SZ: No matter what you do, try to have fun with it. Another mentor told me; “in life it’s not all rainbows and butterflies”. As a designer, you quite often hear the cries of “I want design freedom”, “I want to create my own style”. But before you can do that, you need to accumulate a lot of knowledge, a lot of foundational knowledge to support your ideas and creativity. Creativity doesn’t just come from your genius mind. At the end of the day, it’s a lot of practice, discipline and accumulation of hard work. So, as a young architect, designer you have to go through somewhat a painful time. No matter what you are assigned to do, no matter if you hate the style, you will always learn something from that process. And try to have fun with it. You will be a better designer once you go through that process — you will have a bigger perspective of design.

Q5. What is the most important life lesson you have learnt from interior architecture?

VZ: Don’t always put the latest trend in the space, without reason, and this thinking should be echoed in life. There is nothing wrong with trends, we acknowledge them, but don’t follow for the sake of it, unless it provides meaning to the project. We question, we debate. We let the project reveal the answers through our research and communication with the client. Everything begins from asking why. Don’t be afraid to think different, be different, and to question why. This is the character of our studio, and something I apply to my own life.

Q6. How do you describe your style of interior architecture?

We don’t want to be defined by style — we want to be defined by the way we think and our ability to evolve to through our diverse projects.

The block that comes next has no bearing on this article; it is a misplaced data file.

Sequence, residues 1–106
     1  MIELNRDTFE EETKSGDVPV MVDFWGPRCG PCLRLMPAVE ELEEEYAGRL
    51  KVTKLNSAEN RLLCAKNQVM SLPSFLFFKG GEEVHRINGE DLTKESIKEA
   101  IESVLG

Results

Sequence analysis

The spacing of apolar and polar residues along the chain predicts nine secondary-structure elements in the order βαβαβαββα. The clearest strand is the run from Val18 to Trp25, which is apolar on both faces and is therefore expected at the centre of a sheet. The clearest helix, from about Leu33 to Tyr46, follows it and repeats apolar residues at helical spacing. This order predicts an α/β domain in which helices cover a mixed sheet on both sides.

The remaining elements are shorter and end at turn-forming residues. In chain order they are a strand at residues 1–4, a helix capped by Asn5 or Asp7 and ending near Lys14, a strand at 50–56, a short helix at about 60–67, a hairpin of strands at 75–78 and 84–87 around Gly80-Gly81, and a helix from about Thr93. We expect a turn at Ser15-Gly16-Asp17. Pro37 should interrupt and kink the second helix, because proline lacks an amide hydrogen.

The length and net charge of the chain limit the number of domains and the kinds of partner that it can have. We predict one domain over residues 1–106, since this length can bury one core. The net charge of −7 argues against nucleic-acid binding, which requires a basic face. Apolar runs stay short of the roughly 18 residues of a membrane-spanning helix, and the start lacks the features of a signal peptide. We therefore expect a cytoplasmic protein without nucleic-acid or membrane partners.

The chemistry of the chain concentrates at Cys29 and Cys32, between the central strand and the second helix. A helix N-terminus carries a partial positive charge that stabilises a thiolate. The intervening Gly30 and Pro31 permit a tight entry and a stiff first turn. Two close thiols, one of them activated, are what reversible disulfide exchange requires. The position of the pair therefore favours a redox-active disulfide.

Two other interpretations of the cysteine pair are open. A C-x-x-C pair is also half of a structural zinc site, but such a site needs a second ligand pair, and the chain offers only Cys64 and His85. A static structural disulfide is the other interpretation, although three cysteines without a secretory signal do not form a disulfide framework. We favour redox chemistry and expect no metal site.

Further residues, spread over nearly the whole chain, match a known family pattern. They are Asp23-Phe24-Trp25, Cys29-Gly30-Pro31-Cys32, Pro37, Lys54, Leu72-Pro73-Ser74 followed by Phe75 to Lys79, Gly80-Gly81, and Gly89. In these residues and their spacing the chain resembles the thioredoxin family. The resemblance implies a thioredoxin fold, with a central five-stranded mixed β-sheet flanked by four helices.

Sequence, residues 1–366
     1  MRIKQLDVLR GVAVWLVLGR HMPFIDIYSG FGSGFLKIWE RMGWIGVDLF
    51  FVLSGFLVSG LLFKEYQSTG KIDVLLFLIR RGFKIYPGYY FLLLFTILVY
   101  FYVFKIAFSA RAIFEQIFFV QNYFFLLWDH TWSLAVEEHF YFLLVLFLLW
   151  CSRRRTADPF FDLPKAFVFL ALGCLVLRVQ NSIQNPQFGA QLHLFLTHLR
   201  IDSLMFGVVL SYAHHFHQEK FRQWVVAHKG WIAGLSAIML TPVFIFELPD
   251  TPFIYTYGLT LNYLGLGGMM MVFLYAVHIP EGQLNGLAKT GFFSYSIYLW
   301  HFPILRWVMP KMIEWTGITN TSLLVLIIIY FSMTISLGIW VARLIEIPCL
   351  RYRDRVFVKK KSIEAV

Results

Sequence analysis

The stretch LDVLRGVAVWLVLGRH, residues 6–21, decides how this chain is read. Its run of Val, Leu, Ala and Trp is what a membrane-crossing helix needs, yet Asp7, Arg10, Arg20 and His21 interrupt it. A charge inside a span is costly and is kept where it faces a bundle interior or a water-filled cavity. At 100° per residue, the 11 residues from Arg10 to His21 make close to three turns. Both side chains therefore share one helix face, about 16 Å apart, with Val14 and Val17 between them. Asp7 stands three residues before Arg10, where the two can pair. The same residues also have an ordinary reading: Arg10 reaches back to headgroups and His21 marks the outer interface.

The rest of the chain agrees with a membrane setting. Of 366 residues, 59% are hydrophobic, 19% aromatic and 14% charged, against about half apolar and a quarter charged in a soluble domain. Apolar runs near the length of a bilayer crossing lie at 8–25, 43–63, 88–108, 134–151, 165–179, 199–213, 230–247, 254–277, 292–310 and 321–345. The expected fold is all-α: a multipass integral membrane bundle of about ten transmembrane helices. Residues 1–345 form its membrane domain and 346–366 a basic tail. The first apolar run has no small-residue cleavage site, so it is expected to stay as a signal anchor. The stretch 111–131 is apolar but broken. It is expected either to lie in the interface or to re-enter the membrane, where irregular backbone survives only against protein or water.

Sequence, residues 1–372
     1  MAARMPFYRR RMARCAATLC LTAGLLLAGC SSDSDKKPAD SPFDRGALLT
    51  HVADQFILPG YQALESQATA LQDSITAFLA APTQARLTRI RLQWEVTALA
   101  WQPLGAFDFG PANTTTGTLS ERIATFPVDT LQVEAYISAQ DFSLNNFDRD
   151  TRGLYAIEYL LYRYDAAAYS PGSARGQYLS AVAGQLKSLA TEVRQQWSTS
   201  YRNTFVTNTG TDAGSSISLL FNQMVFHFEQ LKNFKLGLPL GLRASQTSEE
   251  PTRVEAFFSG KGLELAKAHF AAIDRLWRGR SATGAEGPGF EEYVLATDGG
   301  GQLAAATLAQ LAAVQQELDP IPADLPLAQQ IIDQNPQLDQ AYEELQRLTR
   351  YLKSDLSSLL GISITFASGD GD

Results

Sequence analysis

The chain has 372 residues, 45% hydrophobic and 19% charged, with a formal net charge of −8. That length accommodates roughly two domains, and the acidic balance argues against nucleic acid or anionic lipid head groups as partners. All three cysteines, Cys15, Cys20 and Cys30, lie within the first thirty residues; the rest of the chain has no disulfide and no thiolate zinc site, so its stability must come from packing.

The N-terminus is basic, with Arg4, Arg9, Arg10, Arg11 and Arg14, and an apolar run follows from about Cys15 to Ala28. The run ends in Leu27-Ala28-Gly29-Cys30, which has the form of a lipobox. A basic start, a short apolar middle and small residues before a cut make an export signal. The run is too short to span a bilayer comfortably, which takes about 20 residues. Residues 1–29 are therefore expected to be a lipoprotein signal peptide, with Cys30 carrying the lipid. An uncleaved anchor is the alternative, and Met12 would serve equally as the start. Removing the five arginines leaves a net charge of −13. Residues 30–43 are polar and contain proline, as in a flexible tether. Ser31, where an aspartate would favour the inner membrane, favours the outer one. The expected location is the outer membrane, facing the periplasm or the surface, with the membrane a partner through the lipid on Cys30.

SZ: We don’t have a style, but a spirit.

There are a lot of designers that are very good at one thing, they feel very comfortable in doing the same thing over and over, and they have repeat clients who choose them for that style. And there is nothing wrong with that, and I still very much admire some of those designers. But our personality is different, and we can’t force ourselves to follow such a path.

We don’t want to be defined by style — we want to be defined by the way we think and our ability to evolve to through our diverse projects. Let the project’s character, its history, and its future purpose define the solution, not an ambitious designer focused purely on developing a personal style.

We see ourselves as only the conduits, the stylus, to materialise the space. Even though you may give me a clear brief, we are motivated to understand more. That research process provides the impetus to realise a completely unique project.

Q7. Why did you name the company Stylus Studio?

SZ: This name reflects our thinking — the way we work. Stylus has a few meanings, but ultimately it’s an instrument. Firstly the Romans were using the stylus to record things on waxed slate. The name was then applied to the hard point that follows a groove in a vinyl record and plays back the recorded sound. Now, in modern times, it’s the pen used to input handwriting directly into a computer. But disregarding the period of time and technology changing, the meaning is to decode or record something meaningful: great ideas, beautiful music, etc.  

And this is true to Stylus; we want to materialise the meaningful.

We are the stylus for our clients to craft something remarkable, something memorable and touching, in the history of design.